Perhaps most importantly, the promise of upward mobility – that if you work hard and play by the rules, you’ll do well and your children will have the chance to do even better – has been broken. The U.S. now ranks 10th in social mobility, and people are starting to think that the American Dream in no longer possible: Two-thirds of Americans now think their children will be worse off than they are.

What steps need to be taken to strengthen America and to ensure it retains its global leadership position?

The last presidential election was all about “hope.” But just hoping that our leaders in Washington will miraculously start doing the right things – especially when they are locked inside a system with overwhelmingly powerful incentives to do the wrong things – simply won’t cut it. What we need is the realization that change is going to have to come from outside Washington.

There are many things we can do now to take matters into our own hands. Moving your money out of the mega-banks that helped wreck our economy and into a smaller, more responsive community bank or credit union is a great place to start. The big banks may be “too big to fail,” but they are not too big to feel the impact of hundreds of thousands of people taking action to change a broken financial and political system. We don’t have to wait for Washington to act.

We can open our eyes and recognize that the companies offering us mortgages and easy credit are not on our side – in fact, they are looking to cash in on us. We need to learn to protect ourselves and our families from their tricks and traps. By taking control of our finances – and our financial literacy – we can, for the first time in a long time, put banks back to work for their customers.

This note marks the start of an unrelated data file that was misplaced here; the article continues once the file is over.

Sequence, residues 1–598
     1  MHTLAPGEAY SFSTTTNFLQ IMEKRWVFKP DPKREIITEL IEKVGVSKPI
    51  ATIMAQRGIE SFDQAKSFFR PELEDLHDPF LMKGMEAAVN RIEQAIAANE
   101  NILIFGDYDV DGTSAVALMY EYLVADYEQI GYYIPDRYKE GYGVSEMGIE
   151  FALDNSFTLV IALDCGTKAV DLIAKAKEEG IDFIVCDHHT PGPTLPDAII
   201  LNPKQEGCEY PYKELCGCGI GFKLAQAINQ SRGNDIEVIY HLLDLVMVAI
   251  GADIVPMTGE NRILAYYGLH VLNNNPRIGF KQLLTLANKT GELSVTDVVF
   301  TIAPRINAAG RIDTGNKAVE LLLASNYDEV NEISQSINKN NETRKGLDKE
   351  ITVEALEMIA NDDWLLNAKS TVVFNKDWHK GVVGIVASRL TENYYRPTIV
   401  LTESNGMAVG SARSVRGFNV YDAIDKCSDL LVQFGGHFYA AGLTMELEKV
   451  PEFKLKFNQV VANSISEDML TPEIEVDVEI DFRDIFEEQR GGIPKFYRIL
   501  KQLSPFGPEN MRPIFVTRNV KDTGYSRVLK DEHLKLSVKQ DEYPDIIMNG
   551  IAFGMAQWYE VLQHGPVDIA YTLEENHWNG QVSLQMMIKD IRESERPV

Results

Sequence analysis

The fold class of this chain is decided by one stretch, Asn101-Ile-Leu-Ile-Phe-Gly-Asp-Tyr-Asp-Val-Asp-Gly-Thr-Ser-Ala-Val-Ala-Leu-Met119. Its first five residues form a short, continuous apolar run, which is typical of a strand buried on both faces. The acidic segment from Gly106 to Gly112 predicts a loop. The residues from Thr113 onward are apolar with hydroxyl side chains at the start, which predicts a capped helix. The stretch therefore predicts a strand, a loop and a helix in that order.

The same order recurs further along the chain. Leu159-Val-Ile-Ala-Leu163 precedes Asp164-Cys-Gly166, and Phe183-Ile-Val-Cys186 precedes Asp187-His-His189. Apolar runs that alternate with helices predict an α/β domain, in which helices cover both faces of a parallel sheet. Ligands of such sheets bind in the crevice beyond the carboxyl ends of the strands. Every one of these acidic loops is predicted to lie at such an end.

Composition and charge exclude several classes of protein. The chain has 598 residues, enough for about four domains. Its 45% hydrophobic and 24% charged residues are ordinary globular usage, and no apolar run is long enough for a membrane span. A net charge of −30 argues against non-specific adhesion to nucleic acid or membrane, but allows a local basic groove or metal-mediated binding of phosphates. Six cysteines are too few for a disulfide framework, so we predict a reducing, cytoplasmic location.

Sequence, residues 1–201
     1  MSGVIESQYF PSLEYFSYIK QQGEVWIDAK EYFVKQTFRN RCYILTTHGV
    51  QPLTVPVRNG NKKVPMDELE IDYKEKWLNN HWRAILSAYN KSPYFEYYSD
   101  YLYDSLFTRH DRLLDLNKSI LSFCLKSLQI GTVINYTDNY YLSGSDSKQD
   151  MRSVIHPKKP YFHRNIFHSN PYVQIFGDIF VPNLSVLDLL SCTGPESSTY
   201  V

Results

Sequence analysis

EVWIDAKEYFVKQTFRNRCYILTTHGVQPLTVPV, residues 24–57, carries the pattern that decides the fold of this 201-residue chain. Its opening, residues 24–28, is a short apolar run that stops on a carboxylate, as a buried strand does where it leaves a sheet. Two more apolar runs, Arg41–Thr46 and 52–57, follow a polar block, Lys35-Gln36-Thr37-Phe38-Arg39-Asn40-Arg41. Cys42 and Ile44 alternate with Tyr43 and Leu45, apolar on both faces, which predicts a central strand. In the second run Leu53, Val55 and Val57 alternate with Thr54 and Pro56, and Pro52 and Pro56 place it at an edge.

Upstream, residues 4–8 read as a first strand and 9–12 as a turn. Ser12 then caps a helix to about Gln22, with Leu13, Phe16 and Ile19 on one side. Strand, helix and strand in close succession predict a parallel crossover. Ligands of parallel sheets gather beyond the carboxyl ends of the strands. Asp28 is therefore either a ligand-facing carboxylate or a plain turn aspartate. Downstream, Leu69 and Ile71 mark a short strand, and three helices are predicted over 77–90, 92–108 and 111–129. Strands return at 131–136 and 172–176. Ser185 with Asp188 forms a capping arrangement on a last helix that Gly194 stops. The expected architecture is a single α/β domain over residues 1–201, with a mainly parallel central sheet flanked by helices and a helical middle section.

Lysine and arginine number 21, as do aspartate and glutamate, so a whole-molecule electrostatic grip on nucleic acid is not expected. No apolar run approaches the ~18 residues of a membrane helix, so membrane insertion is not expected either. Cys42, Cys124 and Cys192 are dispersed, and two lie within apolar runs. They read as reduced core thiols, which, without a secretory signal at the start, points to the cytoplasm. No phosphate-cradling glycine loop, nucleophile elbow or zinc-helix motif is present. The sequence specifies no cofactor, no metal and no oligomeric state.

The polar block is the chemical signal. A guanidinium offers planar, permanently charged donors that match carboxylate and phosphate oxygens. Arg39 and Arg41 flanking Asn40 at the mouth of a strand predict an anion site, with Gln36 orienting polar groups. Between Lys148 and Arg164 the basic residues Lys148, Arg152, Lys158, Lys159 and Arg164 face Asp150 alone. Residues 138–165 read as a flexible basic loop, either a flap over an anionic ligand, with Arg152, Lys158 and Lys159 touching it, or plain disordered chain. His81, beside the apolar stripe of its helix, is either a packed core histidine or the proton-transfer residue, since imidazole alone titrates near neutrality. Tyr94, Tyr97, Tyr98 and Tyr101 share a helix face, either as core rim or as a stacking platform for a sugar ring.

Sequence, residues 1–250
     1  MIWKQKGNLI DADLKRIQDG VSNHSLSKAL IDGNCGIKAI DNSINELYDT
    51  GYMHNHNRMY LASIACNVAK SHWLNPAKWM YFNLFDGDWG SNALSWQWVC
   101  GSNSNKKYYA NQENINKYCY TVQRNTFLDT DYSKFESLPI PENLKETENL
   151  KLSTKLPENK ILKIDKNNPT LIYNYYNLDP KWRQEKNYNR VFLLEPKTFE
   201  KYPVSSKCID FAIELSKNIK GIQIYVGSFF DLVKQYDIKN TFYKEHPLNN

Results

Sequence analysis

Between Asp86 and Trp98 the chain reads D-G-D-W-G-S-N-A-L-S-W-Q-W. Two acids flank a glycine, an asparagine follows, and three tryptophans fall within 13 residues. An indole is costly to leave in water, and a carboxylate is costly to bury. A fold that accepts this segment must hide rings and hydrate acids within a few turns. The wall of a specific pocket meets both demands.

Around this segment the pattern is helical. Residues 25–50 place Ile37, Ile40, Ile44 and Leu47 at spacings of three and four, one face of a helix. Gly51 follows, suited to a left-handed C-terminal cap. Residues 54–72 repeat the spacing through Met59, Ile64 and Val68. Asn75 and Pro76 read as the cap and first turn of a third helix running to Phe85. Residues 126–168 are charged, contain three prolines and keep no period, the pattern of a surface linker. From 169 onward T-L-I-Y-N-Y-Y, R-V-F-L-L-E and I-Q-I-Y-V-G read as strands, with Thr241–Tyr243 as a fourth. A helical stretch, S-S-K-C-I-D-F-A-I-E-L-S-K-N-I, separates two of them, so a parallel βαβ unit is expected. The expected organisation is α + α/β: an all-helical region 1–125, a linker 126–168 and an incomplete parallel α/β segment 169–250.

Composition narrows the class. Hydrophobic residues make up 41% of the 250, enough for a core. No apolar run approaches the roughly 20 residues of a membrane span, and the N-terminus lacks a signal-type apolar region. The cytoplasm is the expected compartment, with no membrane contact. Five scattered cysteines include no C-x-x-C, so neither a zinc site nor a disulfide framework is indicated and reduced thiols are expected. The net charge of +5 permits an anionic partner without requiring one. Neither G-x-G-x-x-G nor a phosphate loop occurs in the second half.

It’s becoming clearer by the day that we can’t save the middle class and keep America a first world nation without each of us making a personal commitment and taking action. And that’s what people are doing.

There seems to be a lack of trust in government today and a concern that partisan politics is deterring the opportunity for real change. Do you agree and what can be done to build confidence in our public officials?

We’re faced with a classic catch-22: the most effective way of fixing the multitude of problems facing America is through the democratic process, but the democratic process itself is badly broken. That is why the first step toward restoring trust in government is breaking the choke hold that special interest money has on our politics. This has to start with a complete reboot of the way we finance our elections. The most effective means of restoring the integrity of our government, and the public’s trust in it, is through the full public financing of political campaigns. It’s the mother of all reforms – the one reform that makes all other reforms possible. If someone’s going to own the politicians, it might as well be the American people.